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6. Appeal to the CA within 10 days whose decision shall be final and executory. 7. Decision forwarded to DFA through the DOJ. 8. Individual placed at the disposal of the authorities of requesting state- costs and expenses be shouldered by requesting state. ILLUSTRATIVE CASE: Govt of US vs. Purganan, September 24, 2002 Facts: By virtue of an extradition treaty between the US and the Philippines, the US requested for the extradition of Mark Jimenez for violations of US tax and election laws. During the proceeding, Jimenez invokes his constitutional due process and his right to bail. Issue: Won bail as a matter of right and due process shall be observed in extradition proceedings. Held: NO! Bail is not allowed because the extraditee is a flight risk. There is a great possibility of flight after bail. However as an EXCEPTION bail is allowed if: (1) that, once granted bail, the applicant will not be a flight risk or a danger to the community; and (2) that there exist special, humanitarian and compelling circumstances including, as a matter of reciprocity, those cited by the highest court in the requesting state when it grants provisional liberty in extradition cases therein. DUE PROCESS: Contrary to his contention, his detention prior to the conclusion of the extradition proceedings does not amount to a violation of his right to due process. We iterate the familiar doctrine that the essence of due process is the opportunity to be heard but, at the same time, point out that the doctrine does not always call for a prior opportunity to be heard. Where the circumstances -- such as those present in an extradition case -call for it, a subsequent opportunity to be heard is enough. In the present case, respondent will be given full opportunity to be heard subsequently, when the extradition court hears the Petition for Extradition. Hence, there is no violation of his right to due process and fundamental fairness. By nature then, extradition proceedings are not equivalent to a criminal case in which guilt or innocence is determined. Consequently, an extradition case is not one in which the constitutional rights of the accused are necessarily available. It is more akin, if at all, to a courts request to police authorities for the arrest of the accused who is at large or has escaped detention or jumped bail. Having once escaped the jurisdiction of the requesting state, the reasonable prima facie presumption is that the person would escape again if given the opportunity. 27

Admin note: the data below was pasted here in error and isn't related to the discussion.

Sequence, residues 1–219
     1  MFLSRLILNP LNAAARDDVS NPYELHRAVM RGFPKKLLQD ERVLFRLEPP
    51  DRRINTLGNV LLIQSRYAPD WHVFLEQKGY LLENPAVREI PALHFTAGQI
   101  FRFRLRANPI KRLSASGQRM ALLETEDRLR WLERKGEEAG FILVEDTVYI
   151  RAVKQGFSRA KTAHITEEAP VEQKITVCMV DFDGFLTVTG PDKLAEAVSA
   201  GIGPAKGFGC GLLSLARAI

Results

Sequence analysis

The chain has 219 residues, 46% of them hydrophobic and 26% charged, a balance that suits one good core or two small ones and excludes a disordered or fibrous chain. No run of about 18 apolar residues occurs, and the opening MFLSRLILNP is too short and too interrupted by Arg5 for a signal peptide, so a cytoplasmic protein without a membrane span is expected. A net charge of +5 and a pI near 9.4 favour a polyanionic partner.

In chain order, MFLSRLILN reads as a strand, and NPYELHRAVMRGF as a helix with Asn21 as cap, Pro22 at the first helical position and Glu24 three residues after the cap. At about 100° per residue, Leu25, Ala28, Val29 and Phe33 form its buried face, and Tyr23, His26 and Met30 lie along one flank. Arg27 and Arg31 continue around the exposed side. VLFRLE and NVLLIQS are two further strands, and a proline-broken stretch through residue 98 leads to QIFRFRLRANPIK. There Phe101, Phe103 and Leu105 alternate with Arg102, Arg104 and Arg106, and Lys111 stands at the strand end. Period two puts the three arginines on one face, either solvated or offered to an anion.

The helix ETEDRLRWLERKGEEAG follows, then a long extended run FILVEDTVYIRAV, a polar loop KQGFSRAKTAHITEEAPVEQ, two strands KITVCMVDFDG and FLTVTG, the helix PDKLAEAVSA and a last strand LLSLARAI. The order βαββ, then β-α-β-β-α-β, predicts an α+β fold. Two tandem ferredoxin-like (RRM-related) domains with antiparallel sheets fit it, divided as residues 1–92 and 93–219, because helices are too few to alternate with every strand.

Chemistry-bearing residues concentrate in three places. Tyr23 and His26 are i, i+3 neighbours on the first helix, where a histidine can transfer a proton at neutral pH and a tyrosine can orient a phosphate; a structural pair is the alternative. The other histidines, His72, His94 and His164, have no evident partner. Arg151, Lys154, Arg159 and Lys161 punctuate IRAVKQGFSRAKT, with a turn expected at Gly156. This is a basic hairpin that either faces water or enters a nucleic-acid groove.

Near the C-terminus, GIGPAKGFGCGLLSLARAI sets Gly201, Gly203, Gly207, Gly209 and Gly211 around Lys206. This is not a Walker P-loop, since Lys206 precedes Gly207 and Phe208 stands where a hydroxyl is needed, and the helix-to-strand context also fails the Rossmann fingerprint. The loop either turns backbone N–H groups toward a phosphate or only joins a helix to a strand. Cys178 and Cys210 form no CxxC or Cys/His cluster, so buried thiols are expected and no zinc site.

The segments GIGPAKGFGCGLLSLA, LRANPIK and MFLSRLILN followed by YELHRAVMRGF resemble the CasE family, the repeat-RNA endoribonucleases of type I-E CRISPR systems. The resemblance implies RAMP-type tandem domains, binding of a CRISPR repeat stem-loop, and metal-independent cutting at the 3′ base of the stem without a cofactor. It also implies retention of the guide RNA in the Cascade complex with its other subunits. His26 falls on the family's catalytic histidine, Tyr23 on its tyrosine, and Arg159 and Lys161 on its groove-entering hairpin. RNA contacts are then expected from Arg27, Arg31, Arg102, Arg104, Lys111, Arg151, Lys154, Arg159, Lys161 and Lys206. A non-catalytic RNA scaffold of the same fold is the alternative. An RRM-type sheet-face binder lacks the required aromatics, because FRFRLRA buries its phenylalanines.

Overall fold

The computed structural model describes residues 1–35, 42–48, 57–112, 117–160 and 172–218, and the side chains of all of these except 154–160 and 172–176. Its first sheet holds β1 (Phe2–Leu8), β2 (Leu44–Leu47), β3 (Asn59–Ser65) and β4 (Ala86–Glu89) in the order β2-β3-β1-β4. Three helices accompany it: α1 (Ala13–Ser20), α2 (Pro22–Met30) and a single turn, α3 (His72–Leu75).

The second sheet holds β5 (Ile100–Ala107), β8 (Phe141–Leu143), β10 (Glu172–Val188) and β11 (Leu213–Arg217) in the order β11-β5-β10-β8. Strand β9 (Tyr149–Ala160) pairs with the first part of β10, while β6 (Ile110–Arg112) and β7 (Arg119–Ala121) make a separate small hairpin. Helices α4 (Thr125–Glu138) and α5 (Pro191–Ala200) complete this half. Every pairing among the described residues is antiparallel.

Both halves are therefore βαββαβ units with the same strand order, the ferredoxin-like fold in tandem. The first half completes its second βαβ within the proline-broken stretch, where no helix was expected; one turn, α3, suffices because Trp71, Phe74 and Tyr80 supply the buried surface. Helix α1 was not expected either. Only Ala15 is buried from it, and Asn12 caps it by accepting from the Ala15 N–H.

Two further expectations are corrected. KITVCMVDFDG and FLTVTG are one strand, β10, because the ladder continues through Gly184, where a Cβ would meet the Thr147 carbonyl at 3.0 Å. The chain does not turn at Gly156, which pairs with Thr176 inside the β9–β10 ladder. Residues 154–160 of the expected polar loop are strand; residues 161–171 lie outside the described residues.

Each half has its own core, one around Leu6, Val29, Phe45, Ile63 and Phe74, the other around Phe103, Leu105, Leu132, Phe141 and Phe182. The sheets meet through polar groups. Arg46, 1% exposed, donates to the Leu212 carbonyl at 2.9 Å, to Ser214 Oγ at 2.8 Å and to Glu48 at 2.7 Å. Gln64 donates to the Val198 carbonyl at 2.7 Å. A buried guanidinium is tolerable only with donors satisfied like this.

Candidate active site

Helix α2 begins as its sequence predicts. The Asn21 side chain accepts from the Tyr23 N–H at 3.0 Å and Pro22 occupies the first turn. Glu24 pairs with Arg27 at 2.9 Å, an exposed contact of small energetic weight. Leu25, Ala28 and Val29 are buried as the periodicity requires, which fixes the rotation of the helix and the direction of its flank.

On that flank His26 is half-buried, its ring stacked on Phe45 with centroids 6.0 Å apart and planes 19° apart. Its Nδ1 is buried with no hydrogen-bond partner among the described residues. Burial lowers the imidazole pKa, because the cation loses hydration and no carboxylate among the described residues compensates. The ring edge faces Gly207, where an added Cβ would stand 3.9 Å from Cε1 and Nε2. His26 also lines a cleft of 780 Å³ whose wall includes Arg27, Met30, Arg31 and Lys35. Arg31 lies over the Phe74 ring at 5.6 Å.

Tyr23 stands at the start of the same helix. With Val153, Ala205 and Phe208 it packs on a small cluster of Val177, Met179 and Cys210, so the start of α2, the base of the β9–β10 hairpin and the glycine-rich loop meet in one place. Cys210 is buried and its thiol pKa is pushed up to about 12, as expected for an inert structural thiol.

PART V: TREATIES Treaty- A formal agreement, usually but not necessarily in writing, which is entered into by states or entities possessing the treaty-making capacity, for the purpose of regulating their mutual relations under the law of nations. Executive Agreement- Is not a treaty insofar as the concurrence thereto of the Senate is not required under our Constitution. Note: the distinction is purely municipal and has no international significance. From the viewpoint of international law, treatise and executive agreements are alike in that both constitute equally binding obligations upon the nation. VARIOUS APPELLATIONS GIVEN TO TREATIES: 1. Pact a special treaty which is formally sentimental; 2. Convention this is more or less an informal treaty dealing with specific subjects: sometimes it does not even require ratification. 3. Agreement/ Arrangement/ Accord conventions on administrative or technical matters; 4. Concordats agreement entered into by the Pope (as head of the church) with various chiefs of States; 5. Declarations these are formal reciprocal agreements which may deal with: a) the rights and privileges of the national of a state; b) principles in accordance with which states propose to act or c) Grounds for mutual action on the part of states. 6. Protocol this may refer either to a supplemental treaty or to an amendment to a treaty FUNCTION OF TREATIES 1. Treaties enable parties to settle finally actual and potential conflicts. 2. Treaties make it possible for the parties to modify the rules of international customary law by means of optional principles or standards. 3. They may lead to a transformation of unorganized international society into one which may be organized on any chosen level of social integration. 4. They frequently provide the humus for the growth of international customary law.